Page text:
Most of us take coffee for granted. We drink it liberally, mindlessly, day in, day out. Does it have caffeine? Great. Is it hot? Perfect. Can I have it as soon as I get out of bed? Cup of coffee, you’ve got my number.
But, as with any life-long relationship, the more time you spend with it, the more nuanced, the better it can get—but you have to put in the time. Now, Toby’s Estate in Williamsburg is offering educational classes weekly–Brew School–that will give you the tools to bring your relationship with coffee to the next level. There will be classes centered around cupping (so you may better identify and relish the complexities of every sip), home brew methods, espresso preparation, and the evergreen crowd-pleaser and Instagram like-generator otherwise known as latte art, all of which will make your morning cup better tasting, and–like the healthiest relationship–more addictive than ever.
This past weekend, at the Oosten sales gallery at 53 Broadway in South Williamsburg, we attended a home brew course with Toby’s Estate educators Aaron Owens and Angie Garcia, who explained the proper way to brew Chemex and Aeropress coffee. To put it mildly, these two know beans, and far beyond pragmatic brewing tactics, they laid out the complete life cycle of a cup of coffee, from the growing conditions of the cherry seed, to gulping down the first sip.
We, however, are no Angie or Aaron, so we will not regurgitate their erudition on Chemex and Aeropress verbatim, and so we do encourage you to attend a class. Listening to them hold forth on, for example, the importance of measuring your water and coffee by saying things like “concern yourself with ratios,” will both impress you and have you missing school in general. Who doesn’t love to learn things like this crucial nugget: The taste of your coffee is wholly dependent on the way the water interacts with the coffee particle–both how long and over how much surface area–hence, measuring the size of the grind, and water to coffee ratios, really are something to always keep in mind.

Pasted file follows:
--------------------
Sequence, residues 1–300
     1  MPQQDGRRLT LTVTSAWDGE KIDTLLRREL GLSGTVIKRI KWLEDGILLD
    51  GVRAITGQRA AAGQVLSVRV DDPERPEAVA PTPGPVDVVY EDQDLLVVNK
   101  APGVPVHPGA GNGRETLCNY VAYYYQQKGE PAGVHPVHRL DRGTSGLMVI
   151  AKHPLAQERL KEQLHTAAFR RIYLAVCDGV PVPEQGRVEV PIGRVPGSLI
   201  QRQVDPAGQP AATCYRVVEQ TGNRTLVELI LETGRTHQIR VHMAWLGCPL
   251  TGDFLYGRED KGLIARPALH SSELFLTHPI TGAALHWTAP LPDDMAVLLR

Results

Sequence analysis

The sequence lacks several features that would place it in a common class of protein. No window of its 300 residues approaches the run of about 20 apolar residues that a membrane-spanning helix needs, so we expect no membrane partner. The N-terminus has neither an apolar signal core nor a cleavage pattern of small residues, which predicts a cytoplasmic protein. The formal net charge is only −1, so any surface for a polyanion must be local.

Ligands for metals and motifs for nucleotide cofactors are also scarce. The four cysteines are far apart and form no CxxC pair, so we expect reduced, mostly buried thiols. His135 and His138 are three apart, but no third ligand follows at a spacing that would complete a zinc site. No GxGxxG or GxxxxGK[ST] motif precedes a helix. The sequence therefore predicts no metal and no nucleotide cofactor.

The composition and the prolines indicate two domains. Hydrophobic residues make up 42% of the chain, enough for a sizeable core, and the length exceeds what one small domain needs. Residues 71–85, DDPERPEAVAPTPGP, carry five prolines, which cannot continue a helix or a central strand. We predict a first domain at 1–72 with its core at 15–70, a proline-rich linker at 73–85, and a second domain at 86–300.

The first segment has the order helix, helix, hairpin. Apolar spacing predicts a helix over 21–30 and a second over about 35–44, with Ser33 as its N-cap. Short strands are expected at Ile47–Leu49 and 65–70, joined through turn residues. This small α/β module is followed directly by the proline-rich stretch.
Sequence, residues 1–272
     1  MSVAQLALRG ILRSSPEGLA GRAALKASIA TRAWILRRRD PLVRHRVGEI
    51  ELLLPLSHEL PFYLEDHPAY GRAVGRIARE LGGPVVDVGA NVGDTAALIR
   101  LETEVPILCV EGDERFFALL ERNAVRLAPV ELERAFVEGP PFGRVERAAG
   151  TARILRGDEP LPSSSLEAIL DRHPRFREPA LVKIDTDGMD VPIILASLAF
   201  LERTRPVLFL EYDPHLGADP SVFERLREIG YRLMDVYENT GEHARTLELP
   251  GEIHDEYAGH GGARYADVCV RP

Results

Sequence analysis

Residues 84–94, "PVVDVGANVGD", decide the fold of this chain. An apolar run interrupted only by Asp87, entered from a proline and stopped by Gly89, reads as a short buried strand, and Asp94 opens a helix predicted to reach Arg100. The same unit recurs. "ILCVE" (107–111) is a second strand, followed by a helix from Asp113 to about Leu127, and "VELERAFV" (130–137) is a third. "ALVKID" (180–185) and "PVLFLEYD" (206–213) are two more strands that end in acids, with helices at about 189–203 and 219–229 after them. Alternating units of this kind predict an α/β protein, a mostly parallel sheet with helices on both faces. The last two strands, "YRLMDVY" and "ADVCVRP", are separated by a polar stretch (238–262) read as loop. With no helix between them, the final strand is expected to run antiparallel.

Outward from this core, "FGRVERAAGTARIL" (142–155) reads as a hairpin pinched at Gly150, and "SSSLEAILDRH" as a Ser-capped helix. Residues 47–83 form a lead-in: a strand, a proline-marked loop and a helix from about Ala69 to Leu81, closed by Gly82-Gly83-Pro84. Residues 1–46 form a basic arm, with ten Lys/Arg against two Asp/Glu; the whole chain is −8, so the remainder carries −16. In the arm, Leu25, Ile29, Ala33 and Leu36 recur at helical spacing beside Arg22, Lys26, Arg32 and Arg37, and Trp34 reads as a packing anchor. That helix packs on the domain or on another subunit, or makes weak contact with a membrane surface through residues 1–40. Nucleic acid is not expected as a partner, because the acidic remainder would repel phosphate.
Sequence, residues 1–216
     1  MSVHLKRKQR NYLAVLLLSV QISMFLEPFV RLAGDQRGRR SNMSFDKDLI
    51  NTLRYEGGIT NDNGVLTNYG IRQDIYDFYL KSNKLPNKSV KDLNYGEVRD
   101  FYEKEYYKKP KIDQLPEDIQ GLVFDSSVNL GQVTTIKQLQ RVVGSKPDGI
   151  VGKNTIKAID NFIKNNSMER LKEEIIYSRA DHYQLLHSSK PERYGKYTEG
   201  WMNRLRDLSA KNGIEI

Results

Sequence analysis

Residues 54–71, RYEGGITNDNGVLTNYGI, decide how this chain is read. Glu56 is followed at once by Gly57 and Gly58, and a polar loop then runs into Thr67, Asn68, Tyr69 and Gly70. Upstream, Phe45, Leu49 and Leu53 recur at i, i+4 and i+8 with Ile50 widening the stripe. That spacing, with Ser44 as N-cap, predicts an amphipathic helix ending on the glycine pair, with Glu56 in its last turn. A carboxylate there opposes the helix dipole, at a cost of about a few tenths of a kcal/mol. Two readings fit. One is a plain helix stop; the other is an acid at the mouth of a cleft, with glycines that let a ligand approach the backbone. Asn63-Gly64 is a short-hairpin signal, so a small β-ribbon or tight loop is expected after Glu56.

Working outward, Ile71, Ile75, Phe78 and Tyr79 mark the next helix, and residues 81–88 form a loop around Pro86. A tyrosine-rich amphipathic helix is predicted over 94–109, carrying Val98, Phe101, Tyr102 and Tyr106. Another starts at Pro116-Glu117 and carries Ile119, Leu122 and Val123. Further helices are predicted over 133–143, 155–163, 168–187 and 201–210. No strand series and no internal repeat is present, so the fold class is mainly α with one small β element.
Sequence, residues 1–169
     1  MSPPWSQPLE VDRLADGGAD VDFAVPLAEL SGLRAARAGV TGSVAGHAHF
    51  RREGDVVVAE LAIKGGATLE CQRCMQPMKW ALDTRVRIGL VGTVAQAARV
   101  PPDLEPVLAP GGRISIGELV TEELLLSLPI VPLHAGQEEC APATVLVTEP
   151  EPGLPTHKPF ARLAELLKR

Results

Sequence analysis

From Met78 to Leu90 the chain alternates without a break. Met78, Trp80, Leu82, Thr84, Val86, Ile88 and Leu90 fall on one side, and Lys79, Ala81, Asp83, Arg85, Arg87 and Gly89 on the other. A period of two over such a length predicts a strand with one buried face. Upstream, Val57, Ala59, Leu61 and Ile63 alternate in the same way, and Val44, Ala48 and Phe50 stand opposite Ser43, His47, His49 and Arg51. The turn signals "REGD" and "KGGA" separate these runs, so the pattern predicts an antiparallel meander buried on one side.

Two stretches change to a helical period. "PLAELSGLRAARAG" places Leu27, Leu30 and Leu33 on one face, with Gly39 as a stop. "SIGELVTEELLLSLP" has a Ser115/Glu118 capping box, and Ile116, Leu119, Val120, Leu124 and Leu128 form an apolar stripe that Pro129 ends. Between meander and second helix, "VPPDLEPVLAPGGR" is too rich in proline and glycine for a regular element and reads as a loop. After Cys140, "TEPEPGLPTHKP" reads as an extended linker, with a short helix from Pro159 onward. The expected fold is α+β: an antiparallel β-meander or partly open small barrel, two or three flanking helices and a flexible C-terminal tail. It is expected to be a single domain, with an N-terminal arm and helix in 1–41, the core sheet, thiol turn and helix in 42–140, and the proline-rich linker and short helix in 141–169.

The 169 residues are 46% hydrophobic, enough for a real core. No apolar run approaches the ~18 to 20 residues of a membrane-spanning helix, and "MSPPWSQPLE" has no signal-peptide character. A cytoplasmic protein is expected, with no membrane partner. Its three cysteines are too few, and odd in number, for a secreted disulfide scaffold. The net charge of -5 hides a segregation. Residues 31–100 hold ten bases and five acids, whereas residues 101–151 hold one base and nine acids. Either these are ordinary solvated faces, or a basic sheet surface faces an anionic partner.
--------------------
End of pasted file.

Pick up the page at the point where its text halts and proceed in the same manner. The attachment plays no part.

While reading this is no substitute for the class, below we offer you the abridged fundamentals of daily coffee prep, per our teachers. Follow these basics (or avoid them, as the case may be) and elevate your morning cup.
1. Never refrigerate your beans. You’ll make them vulnerable to neighboring odors.
2. A good grinder is everything. Your press-down home blade won’t cut it. If you put down some dough (like this one by Breville, yeah, it’s real dough, but it’s also Aaron’s recommendation) you’ll get the all-important even particle throughout. Why so key? Larger particles release flavor slowly, smaller particles more quickly. Uneven particles undermine your control over flavor extraction and yields a mix of unbalanced acidity and bitterness.
3. Don’t grind your beans ahead of time; this will avoid starting the bean’s oxidation (staling) process sooner than it needs to.
4. The size of your coffee grind depends on your brewing method (French press requires the largest grind, and espresso the smallest, with Chemex, V60, Aeropress, and Moka Pot, in descending order, in between). The larger the grind, the longer the brew’s duration, from four minutes with a French press, to under 30 seconds with a shot of espresso.
5. Make sure you buy the appropriate accessories for your brewing device. Specific brewers usually require specific filters that have a standard size and thickness. You can’t, for example, buy thin filters for Chemex—they don’t exist. You could however buy reusable cloth and metal filters, which would work perfectly well.
6. Wait till your coffee cools before you drink it. Piping hot coffee will taste like piping hot liquid. Cooled coffee will let you taste all the beans’ notes without burning your tongue.
7. Find a bean, like a wine, that suits your palate. Coffee cherries, also like wine, take on the traits of the soil they come from. And, generally, the higher the elevation at which the cherry is grown, the sweeter the coffee.
8. Beans are at optimal brewing readiness 5 to 15 days after they’ve been roasted. Anything beyond that starts to taste flat.
9. Do not pour boiling water over your ground beans. You’ll burn them! Optimal pour temperature is around 200 degrees.
10. Don’t be a lazy fool, clean your equipment. Residual coffee oils go rancid and smell.
Remember, give unto your coffee, and your coffee will give dynamic and pure flavors until you. Like the best relationships, you’ll never have imagined how good it could get.
To sign up for Saturday coffee classes at Toby’s in Williamsburg, email firstname.lastname@example.org